Read Grievous (Wanted Men Book 5) Online

Authors: Nancy Haviland

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Grievous (Wanted Men Book 5)

BOOK: Grievous (Wanted Men Book 5)
Table of Contents










































A Love of Vengeance

The Salvation of Vengeance

An Obsession with Vengeance

Ultimate Vengeance


♦ ♦ ♦


Don’t miss Vasily’s long-awaited story,


coming soon from Nancy Haviland.




This book is a work of fiction. Names, characters, organizations, places, events, and incidents are either the product of the author’s imagination or are used fictitiously.


Text Copyright © 2016 Nancy Haviland

All rights reserved.


No part of this book may be reproduced, or stored in a retrieval system, or transmitted in any form or by any means, electronic, mechanical, photocopying, recording, or otherwise without express written permission of the author. For permission requests, email
[email protected]


ISBN 978-0-9949024-6-7


Cover design by Mayhem Cover Creations


To all the mob dolls out there. Especially mine.



The only thing Yasmeen Michaels imagined was worse than attending a funeral was hosting one. Correction. Hosting one like

The crowded room at the Waldorf Astoria on Park Avenue in Manhattan ebbed and flowed with conversation and laughter. Laughter. How obscene. What was wrong with these people? Couldn’t they feel that? The desolation in the air? Couldn’t they see it every time they looked at the ones left behind? A man had been shot and killed in a parking garage, left to die alone. And these people were sharing amusing stories that had nothing to do with Markus Fane and the legacy he’d left behind.

Just over an hour ago, she’d been in a front pew in a gorgeous church on the Upper East Side, sitting next to Markus’s older brother. His agony had been silent, but it had kept her on the verge of tears throughout the entire service. Now she was at the reception she didn’t quite understand the point of, her gaze involuntarily wandering—again—in search of the only man who would since his staff had organized it. The man who hadn’t left her thoughts since she’d learned of Markus’s murder on CNN. She’d been at the gallery, working on placements for an up-and-coming artist’s first showing and her laptop had been keeping her company. The news had been nothing but white noise until she’d heard Markus Fane’s name. She’d dropped the easel she’d been unfolding and had watched, learning the viewing would begin any minute, and the lineup was already hundreds of people long. Her monotonous, blinders-in-place, only-one-goal-mattered trip along the highway of life had screeched to a halt, and she’d left work early for the first time since landing her dream job as a gallery assistant at Nebulous World Art. When she’d walked into the funeral home and seen Lucian Fane for the first time in over two years, she’d immediately realized her mistake. She should have sent flowers.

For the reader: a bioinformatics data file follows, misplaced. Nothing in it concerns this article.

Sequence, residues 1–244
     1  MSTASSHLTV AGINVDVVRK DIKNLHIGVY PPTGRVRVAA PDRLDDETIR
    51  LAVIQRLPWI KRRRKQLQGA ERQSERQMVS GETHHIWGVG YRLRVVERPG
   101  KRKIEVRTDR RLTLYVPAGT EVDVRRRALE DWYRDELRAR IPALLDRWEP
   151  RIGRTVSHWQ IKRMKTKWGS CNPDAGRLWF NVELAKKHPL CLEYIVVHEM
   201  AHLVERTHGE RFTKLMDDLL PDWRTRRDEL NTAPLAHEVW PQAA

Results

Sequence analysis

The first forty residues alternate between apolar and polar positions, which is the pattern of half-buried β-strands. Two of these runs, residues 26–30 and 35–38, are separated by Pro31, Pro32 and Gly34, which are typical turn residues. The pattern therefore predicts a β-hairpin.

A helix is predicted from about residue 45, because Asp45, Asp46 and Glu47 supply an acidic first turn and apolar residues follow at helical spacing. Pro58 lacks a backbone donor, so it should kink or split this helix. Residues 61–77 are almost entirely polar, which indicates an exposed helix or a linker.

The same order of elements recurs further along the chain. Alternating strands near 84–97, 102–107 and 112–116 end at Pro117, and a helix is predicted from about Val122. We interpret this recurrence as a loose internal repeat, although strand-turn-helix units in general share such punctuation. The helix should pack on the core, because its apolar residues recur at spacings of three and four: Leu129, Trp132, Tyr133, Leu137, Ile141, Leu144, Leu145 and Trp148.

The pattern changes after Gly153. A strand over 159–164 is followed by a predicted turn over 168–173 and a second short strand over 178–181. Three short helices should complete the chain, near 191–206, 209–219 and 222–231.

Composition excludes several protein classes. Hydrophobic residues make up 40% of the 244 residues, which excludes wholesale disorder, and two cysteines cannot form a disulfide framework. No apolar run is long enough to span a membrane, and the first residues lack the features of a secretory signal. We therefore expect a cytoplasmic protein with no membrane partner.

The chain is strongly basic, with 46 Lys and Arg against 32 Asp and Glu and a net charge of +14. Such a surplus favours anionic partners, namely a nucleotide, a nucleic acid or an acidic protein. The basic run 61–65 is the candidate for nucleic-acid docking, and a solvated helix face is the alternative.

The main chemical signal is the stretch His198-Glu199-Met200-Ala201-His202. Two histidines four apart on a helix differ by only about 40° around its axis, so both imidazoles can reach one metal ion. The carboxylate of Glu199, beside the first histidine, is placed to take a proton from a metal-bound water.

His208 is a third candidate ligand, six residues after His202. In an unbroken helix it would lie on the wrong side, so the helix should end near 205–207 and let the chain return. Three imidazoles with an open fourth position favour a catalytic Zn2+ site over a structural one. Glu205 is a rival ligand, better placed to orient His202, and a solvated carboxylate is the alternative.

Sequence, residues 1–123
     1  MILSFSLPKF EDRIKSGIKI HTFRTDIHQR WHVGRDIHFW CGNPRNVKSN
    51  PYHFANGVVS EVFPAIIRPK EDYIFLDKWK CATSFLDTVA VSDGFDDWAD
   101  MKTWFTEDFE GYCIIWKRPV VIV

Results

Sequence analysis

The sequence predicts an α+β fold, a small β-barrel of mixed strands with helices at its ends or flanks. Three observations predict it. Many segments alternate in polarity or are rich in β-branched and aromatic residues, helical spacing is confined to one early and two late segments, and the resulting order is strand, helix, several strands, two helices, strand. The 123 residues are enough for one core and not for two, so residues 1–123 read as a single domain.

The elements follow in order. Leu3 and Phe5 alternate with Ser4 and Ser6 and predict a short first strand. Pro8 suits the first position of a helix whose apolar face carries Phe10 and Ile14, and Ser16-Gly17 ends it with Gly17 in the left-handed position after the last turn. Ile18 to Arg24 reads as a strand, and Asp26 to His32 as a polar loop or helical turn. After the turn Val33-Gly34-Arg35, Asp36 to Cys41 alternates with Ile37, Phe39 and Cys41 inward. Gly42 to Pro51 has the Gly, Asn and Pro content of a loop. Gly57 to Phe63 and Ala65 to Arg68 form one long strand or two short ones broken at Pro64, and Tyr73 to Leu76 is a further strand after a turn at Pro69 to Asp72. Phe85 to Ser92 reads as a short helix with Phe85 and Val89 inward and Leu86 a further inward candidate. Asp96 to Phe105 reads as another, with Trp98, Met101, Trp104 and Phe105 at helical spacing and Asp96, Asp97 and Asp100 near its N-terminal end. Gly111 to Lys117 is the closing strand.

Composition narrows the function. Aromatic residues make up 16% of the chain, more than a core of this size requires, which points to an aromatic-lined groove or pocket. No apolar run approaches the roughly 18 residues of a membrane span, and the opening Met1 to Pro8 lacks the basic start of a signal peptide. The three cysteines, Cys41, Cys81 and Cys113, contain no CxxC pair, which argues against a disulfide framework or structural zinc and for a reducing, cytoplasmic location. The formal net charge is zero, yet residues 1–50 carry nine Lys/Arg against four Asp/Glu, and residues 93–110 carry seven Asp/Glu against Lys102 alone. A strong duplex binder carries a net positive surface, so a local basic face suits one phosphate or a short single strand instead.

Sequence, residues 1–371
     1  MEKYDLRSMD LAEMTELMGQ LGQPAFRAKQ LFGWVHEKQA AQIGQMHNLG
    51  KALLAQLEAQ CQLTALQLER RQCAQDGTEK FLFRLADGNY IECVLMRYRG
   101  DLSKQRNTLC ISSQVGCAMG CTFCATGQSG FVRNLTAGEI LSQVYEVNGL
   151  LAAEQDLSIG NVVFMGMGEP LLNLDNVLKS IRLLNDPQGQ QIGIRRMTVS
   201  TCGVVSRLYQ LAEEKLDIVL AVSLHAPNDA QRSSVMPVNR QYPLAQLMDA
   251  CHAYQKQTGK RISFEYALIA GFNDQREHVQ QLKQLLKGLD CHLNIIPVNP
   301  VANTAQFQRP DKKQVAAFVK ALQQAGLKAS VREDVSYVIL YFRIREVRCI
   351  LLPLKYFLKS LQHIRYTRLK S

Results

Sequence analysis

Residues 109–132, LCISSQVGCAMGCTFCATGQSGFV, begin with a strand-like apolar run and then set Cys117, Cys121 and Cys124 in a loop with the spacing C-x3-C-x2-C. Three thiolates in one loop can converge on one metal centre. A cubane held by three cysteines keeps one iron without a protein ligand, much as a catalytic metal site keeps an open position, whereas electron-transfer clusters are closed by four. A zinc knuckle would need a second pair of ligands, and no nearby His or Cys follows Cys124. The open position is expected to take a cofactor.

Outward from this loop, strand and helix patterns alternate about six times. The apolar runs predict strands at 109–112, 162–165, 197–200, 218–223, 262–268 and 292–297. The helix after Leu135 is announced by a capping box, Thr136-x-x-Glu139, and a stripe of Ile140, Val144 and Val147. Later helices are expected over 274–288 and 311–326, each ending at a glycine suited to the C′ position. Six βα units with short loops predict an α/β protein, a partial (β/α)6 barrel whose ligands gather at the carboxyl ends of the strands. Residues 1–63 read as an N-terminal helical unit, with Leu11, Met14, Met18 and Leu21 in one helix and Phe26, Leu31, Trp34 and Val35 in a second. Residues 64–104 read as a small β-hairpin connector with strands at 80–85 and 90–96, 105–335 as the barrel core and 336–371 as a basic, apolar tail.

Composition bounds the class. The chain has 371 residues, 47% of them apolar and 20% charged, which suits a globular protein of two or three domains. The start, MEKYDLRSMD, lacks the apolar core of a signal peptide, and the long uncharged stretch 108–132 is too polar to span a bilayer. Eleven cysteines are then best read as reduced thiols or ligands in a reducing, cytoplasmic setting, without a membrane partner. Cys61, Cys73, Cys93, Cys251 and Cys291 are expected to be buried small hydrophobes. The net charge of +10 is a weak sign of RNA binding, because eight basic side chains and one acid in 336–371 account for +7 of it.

Coming out of her head, Yasmeen focused on Mr. I’m-A-Real-Estate-Tycoon-Wanna-Know-My-Bank-Balance and was happy to see he was addressing his sales pitch to the man on her right. They’d sidled over a few minutes ago. Probably thought because she was on her own that she would be grateful for the company. They were wrong. If there was one person she was comfortable being with, it was herself.

As her fingers tightened on the strap of her knock-off Prada handbag, she made sure the mildly curious expression she’d perfected was in place. Her ears perked up when the man whose name she couldn’t remember said something to the other man whose name she couldn’t remember about the latest deal their company—another name she couldn’t remember—had done with TarMor Inc.
company she remembered because Markus had worked there since graduating from Yale over a decade ago. He’d been the executive VP, and apparently, the job he’d done exceptionally well had been his life.

She looked over to where his two bosses stood amid a group of men just like them. Mafioso. Many people would chuckle at hearing the label put to them. Yasmeen didn’t. She’d lived her whole life in New York, and having grown up on the streets in an area of the Bronx that was now becoming a relatively safe place to raise a family, she’d seen and heard enough to know organized crime was real. She’d even “worked” for a family for a few weeks when she was thirteen.

As usual, she’d been putting off going home to avoid “the man of the house” when an Italian guy wearing nice clothes had approached her where she’d sat in the mouth of an alley. As she prepared to bolt, he’d put up his hands in a show of peace that had meant nothing to her, and had offered her a hundred dollars to do a simple job for him. She’d warily listened, and had soon found herself taking a cell phone and agreeing to call the only saved number in it if she saw cops drive by.
That’s it?
she’d asked suspiciously.
And you’ll give me a hundred bucks.

Yeah, sweetheart. But if you take off with the phone or fuck me over in any way, you’ll be sorry. How old are you?


Oh. Too bad. You look older.

She’d almost rolled her eyes right in front of him. She’d nodded her acceptance of his terms without provoking him with a show of disrespect, he’d left, no cops had appeared. He’d returned less than thirty minutes later with his knuckles bleeding and his lip swelling. He’d given her the Benjamin and told her if he needed her services again, he’d find her.

She made five hundred dollars as the enforcer’s lookout before her foster mom had come home from work one night to find her husband beating his bologna at the foot of Yasmeen’s bed while she slept. Of course, the pig’s behavior had been Yasmeen’s fault, and she’d been tossed back into the system. Expected.